Old Main

The West Salem Adult Jazz Band, including vocalist Eric Sorenson, right, perform in front of Old Main, formerly a building for Gale College in Galesville. A fundraiser to add an elevator to the structure built in 1862 will be held Saturday.

In a way, the story of Old Main Historical and Community Arts Center is the story of the city of Galesville, in which it resides.

Elmer Petersen


Both were founded by Judge George Gale in the 1850s and both have a historic character that doesn’t come along every day, according to longtime Galesville residents Wade Britzius and Elmer Petersen. The two men are among those hoping to raise money to add an elevator to the building during an event from 3 to 6 p.m. Saturday at Old Main.

“It’s just got charm and presence and a feeling of history as a building,” said Britzius, who headed a committee dedicated to its restoration for six years.

Located on the edge of town, the structure built using stone from a local quarry has lovely architecture and a connection to Galesville’s beginnings. Old Main opened in 1862 as Galesville University — later called Gale College — offering classes in music, arts, law and other topics.

“You can imagine college students running up and down the stairs,” Britzius said.

Gale himself taught law in the building, which housed one of the oldest colleges in the state.

“The University of Wisconsin in Madison was before that, but not by much,” Britzius said.

A number of different churches took over the administration of the college through its history before the school closed permanently in 1939 due to mounting debts. Two years later, St. Louis Province of the Society of Mary purchased the school, turning it into a novitiate to train Catholic brothers and priests. In 1973, it was turned into a retreat and conference center; however, that closed in 1994 and the college was sold to the city of Galesville in 1995.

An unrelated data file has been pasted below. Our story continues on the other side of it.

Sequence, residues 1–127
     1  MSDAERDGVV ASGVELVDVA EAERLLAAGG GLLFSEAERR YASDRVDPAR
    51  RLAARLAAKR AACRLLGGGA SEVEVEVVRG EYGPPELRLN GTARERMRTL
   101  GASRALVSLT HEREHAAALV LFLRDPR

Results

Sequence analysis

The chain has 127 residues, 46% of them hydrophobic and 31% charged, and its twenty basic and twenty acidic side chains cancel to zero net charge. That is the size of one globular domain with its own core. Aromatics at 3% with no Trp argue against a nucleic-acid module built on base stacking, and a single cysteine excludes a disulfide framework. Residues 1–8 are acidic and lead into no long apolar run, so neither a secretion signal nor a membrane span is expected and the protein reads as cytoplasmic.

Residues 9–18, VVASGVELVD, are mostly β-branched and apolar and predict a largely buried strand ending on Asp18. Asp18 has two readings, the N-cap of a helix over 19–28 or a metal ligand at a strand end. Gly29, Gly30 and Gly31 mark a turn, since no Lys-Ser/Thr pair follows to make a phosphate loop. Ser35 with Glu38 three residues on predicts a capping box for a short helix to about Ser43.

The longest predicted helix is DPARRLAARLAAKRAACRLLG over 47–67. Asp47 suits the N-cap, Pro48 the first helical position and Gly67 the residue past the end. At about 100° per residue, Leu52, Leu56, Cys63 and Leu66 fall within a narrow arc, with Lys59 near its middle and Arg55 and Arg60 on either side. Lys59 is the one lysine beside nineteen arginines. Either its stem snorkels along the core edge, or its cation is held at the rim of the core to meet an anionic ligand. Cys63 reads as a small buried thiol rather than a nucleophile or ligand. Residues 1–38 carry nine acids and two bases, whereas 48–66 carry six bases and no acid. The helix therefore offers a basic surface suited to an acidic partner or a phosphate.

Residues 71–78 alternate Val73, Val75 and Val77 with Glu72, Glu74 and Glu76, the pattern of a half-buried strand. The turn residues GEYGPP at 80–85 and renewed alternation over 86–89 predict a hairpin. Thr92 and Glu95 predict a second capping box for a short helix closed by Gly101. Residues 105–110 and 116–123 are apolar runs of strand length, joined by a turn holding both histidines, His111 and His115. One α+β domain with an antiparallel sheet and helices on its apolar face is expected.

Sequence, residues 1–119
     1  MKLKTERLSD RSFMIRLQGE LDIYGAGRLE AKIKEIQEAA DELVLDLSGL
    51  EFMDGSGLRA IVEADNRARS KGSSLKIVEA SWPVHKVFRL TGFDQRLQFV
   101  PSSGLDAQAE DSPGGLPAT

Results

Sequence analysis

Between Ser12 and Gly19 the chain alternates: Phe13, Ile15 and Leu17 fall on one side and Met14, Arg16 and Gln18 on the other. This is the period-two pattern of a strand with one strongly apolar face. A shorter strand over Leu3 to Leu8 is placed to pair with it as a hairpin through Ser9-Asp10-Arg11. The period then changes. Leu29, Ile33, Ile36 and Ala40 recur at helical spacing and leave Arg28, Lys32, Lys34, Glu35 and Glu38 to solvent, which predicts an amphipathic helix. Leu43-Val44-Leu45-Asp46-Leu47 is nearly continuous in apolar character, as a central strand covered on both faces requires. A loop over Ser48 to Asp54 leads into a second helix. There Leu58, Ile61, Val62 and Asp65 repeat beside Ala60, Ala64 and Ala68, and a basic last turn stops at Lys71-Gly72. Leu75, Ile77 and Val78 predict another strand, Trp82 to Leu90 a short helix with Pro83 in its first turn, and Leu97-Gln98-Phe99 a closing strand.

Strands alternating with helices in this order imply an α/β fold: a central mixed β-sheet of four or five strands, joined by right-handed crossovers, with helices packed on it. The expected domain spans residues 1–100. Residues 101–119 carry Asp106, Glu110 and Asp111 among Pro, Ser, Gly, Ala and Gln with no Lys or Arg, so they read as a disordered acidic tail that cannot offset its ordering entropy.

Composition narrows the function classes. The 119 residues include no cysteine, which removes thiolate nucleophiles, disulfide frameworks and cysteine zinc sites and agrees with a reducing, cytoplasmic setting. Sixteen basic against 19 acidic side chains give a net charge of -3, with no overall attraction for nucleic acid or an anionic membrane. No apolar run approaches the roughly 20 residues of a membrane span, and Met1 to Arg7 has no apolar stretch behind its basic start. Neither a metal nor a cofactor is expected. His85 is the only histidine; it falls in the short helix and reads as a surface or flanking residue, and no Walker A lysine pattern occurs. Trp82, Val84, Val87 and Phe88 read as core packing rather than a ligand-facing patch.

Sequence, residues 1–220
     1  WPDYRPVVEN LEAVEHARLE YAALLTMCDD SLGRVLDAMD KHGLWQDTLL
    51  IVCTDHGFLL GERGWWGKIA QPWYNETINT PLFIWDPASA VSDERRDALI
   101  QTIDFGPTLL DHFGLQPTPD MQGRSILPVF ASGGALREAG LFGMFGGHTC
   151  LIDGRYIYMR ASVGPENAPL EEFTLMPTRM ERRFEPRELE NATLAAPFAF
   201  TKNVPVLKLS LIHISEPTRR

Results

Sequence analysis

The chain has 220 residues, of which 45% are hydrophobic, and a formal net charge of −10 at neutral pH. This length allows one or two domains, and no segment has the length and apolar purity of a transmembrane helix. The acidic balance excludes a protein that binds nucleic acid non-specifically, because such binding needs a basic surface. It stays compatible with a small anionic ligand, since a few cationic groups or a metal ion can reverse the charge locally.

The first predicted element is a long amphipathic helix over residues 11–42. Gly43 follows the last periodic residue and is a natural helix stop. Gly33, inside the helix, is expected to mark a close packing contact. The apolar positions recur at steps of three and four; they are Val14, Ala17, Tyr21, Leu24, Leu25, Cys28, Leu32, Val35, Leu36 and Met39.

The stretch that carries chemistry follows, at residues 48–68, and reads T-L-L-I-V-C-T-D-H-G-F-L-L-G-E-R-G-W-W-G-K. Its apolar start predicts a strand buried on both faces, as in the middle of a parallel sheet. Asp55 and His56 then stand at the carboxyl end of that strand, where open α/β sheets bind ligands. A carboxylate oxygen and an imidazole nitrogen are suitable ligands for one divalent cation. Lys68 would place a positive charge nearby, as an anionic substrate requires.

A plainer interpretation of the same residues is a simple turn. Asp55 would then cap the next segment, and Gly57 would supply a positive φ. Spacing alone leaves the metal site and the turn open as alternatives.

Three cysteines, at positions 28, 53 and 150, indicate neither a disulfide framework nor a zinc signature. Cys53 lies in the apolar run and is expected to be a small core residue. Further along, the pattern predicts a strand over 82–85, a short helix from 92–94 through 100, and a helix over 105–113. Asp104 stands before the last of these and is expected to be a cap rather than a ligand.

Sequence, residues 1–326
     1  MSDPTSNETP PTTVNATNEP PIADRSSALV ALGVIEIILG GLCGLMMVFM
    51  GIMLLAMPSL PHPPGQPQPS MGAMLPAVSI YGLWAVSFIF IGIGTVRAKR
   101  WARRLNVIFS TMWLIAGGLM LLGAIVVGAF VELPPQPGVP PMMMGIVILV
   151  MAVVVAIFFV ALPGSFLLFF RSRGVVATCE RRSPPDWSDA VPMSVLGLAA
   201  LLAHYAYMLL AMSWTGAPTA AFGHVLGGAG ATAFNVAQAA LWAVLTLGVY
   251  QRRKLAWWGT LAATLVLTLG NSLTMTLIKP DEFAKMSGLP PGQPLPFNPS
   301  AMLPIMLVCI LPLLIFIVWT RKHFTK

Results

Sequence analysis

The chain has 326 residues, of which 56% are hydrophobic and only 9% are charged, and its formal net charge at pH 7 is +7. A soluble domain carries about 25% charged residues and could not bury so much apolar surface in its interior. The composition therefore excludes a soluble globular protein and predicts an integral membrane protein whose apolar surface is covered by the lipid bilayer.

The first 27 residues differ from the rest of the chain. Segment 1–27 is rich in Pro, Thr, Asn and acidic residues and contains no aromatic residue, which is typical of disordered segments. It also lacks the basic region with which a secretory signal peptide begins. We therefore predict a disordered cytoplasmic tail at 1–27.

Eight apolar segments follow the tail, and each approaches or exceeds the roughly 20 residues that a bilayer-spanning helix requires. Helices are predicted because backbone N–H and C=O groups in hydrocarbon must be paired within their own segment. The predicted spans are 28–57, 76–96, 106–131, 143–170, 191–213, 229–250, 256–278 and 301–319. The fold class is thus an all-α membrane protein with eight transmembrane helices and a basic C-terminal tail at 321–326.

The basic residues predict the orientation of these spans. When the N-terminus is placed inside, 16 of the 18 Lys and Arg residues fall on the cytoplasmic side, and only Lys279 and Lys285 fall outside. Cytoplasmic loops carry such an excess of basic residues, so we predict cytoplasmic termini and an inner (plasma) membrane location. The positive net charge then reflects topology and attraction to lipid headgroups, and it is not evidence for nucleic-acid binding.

“Different people kept it going in various ways,” Britzius said. “It’s a beautiful stone building. It’s got some lovely architecture.”

Petersen is known throughout the La Crosse area for his sculptures like “Lacrosse Players,” and the sculpture of George C. Poage in his namesake park and the eagle in Riverside Park; however, he has lived in Galesville since 1993.

“Galesville is a charming town, with the city square and the lake in there,” Petersen said.

Old Main is among his favorite places in the town; he called it a “significant center.”

Petersen sculpted founder George Gale, and his piece was placed in the center of the front lawn in 2014, halfway down the sidewalk that leads to the front door.

Nowadays, art-lovers and musicians are doing the running up and down on the stairs. The building serves as a center for the arts in Galesville, hosting concerts and other events, especially on the top floor.

“It’s such a charming old auditorium. When the Catholics had the facility, they had a sanctuary up there,” Britzius said.

The auditorium, which was restored in the early 2000s, has great acoustics and can seat about 100 people, making it a wonderful place to highlight regional talent. However, the 155-year-old building was built before elevators were commonplace, creating accessibility issues for people who can’t make it up two flights of stairs.